As the Spongebob cone of news silence dims any publicly available information about the romaine lettuce-linked E. coli O145 outbreak that has sickened more than 50 people, journalists find related stories to fill the void.
A common theme is – what can consumers do?
As I told CNN last week, the answer is, not much; fresh produce purchases are faith-based exercises in food safety.
Ask Douglas Powell, food safety expert and keeper of barfblog, whether he’d consider a salad of fresh romaine for dinner tonight.
If it’s lettuce from a grocery store, Powell’s answer is yes.
He bought some Wednesday, the day the Centers for Disease Control and Prevention expanded to four states a current outbreak of potentially deadly food-borne illness linked to tainted lettuce.
But would Powell put the green stuff on his plate at a salad bar? Absolutely not.
That’s because a current recall of romaine lettuce involves companies that distribute to wholesale and food service outlets. And because "salad bars in general have the potential for lots more contact with lots of hands and people."
Let me clarify. The romaine lettuce I bought was in a bag. And I ate from a salad bar the next night.
Lettuce is overrated, and I prefer my own variation of a Greek salad without the lettuce – red pepper, olives, garlic, herbs, feta cheese, cucumber, tomatoes and whatever else may be around, marinated in olive oil and red wine vinegar. I also eat the greens, grow some of my own (which will be ready for harvest in about three days) and buy the bagged stuff.
Mike Doyle, a microbiologist who directs the Center for Food Safety at the University of Georgia, told CNN.com, if you want to reduce risks, "buy whole lettuce and cut it yourself."
Often, the bacteria lurk in the outer leaves. Nothing is foolproof, he said, but safety goes up when you toss the outer leaves and wash your hands properly.
Food safety lawyer Bill Marler said consumers should not give up eating a good thing out of fear. He also suggested that whole lettuce was a safer option than the bagged variety.
"Mass-produced lettuce is big business. The public wants it. But think hard whether the convenience is worth the risk."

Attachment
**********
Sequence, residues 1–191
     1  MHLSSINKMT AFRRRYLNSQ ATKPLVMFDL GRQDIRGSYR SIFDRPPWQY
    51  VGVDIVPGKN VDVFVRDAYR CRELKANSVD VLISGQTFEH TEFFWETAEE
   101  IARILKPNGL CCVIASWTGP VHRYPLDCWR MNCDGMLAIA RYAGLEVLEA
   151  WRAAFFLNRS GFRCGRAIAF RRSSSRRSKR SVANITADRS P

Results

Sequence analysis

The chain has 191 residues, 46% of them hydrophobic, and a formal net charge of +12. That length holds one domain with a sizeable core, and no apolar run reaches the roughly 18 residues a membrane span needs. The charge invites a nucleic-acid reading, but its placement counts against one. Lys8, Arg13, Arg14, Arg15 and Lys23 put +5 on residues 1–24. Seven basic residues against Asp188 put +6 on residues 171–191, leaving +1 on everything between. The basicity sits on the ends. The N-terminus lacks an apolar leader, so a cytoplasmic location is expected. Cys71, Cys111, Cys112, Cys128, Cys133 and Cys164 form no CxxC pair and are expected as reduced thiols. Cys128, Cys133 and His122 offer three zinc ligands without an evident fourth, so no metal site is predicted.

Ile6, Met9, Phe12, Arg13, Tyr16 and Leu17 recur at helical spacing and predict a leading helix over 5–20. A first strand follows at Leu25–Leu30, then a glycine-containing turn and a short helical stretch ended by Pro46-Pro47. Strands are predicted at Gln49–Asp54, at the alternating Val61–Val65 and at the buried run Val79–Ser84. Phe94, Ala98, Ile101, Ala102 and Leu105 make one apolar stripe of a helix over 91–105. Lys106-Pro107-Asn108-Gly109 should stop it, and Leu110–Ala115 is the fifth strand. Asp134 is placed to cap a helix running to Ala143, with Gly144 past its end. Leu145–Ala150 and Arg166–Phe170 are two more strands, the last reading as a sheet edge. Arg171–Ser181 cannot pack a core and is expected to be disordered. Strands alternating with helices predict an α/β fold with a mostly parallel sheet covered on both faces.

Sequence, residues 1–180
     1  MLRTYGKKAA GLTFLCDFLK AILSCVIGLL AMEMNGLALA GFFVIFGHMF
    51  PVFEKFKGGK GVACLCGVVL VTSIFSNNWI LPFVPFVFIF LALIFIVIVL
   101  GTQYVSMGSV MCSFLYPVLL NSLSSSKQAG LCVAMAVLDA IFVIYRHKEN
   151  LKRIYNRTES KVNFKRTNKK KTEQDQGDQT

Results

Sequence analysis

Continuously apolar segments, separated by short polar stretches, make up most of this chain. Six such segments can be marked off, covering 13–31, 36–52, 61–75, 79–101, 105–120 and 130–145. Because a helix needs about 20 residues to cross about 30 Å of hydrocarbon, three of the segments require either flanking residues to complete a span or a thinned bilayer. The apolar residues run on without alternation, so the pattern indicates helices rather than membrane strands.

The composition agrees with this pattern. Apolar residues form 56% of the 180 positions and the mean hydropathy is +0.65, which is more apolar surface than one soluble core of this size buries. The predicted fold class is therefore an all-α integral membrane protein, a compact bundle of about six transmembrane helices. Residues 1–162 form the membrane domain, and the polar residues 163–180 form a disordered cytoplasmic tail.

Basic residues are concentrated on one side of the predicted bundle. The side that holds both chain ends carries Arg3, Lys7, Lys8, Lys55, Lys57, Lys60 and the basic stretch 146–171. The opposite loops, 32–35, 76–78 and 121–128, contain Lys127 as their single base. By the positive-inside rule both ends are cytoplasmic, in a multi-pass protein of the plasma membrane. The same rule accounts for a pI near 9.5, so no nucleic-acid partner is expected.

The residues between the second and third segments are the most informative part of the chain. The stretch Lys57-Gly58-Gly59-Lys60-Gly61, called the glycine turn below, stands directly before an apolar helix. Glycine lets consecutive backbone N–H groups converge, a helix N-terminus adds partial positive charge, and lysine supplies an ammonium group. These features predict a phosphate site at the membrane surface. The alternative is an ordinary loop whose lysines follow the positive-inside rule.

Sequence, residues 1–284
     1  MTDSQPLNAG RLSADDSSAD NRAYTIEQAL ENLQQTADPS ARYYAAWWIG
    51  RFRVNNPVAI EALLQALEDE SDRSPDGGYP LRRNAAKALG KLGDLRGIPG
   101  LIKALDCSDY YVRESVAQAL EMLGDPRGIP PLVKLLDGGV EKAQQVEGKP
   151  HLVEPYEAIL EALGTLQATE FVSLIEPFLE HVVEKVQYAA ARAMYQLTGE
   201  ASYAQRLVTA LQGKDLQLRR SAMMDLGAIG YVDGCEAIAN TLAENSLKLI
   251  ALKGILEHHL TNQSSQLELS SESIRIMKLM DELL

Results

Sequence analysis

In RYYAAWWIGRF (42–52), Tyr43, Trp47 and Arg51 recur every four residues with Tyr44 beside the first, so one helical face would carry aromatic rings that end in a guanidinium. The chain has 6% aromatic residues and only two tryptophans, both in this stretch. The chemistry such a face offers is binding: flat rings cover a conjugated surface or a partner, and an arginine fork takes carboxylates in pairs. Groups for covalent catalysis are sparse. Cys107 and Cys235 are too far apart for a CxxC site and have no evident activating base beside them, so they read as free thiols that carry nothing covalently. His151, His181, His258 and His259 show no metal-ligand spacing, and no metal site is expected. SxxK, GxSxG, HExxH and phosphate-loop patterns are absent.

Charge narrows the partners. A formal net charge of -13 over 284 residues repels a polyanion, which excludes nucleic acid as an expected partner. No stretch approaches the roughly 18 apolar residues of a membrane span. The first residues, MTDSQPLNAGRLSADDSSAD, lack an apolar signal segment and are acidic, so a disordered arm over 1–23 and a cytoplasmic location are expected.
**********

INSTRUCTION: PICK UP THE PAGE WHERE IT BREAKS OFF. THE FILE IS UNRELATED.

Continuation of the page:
I’m not sure I buy the higher-risk with bagged greens argument. I get that cross-contamination can happen when leaves are thrown in the same dump (wash) tank, but really, how hard is it to use a chlorine monitor and keep the water clean so the leaves aren’t washed in a muck?
The Washington Post reported this week it is difficult to judge whether pre-cut produce has been linked to more outbreaks than whole vegetables because state and federal health officials don’t always specify whether the leafy greens associated with an outbreak were bagged or whole. But several multi-state outbreaks involving pre-cut produce in the last five years have raised concerns, most notably the 2006 outbreak of E. coli O157:H7 associated with Dole bagged spinach that sickened 238 people and caused five deaths.
James Gorny, senior adviser for produce safety at the Food and Drug Administration, said bagged greens represent a disproportionate number of recalls, chiefly because they’re easier to identify than whole produce.
"When you buy a whole head of lettuce, you have no idea what the brand name is, or who the grower is. So tracing it back is that much harder."
But, he said, pre-cut produce is not inherently riskier than whole vegetables.
Dr. Doyle told the Post,
"I’ve been avoiding bagged lettuce for years. I’ve been concerned about this for some time."
Most processors of fresh-cut produce remove the outer leaves and core the heads of lettuce in the field, where cutting utensils can come into contact with soil and spread contamination from the dirt to the crop, Doyle said. In farming areas, especially in a region near cattle farms, it is not unusual to find E. coli in the soil.
In a study published last year in the Journal of Food Protection, Doyle and several colleagues contaminated coring devices with soil that contained E. coli O157:H7 — the most common E. coli strain associated with human illness — and showed how the bacteria spread from the coring equipment to heads of lettuce.
Washing the cored lettuce with a chlorine spray, a standard step, did not kill enough of the bacteria, the researchers found.
"In a processing plant, you’d have to have walls and clean floors. But here, they’re starting it right out in the dirt. It’s a very hazardous practice."
Once the bacteria attach to a lettuce leaf, "it’s very difficult to remove them," said Robert Gravani, a microbiologist at Cornell University. "We certainly want to increase our consumption of fresh fruits and vegetables, but we really have to address some of these issues."
To accurately compare the food safety risks of whole greens versus bagged greens, a database would have to somehow be constructed so that a comparison of illnesses on a per capita meal or even ingredient basis could be made. That is, people are eating a whole lot more of the bagged stuff these days.
What I told CNN was, production practices, harvesting, packing, processing and food handling have all been linked to illnesses associated with leafy greens. E. coli can get into food through manure, contaminated water used during growing or harvesting, or improper food handling at a store, restaurant or home. It’s best to ask a lot of questions of the people who sell you the green stuff. Was the irrigation water tested? Do the pickers know to properly wash their hands?
Beyond that, the only way to kill bacteria is to cook it. But who wants to eat mushy romaine?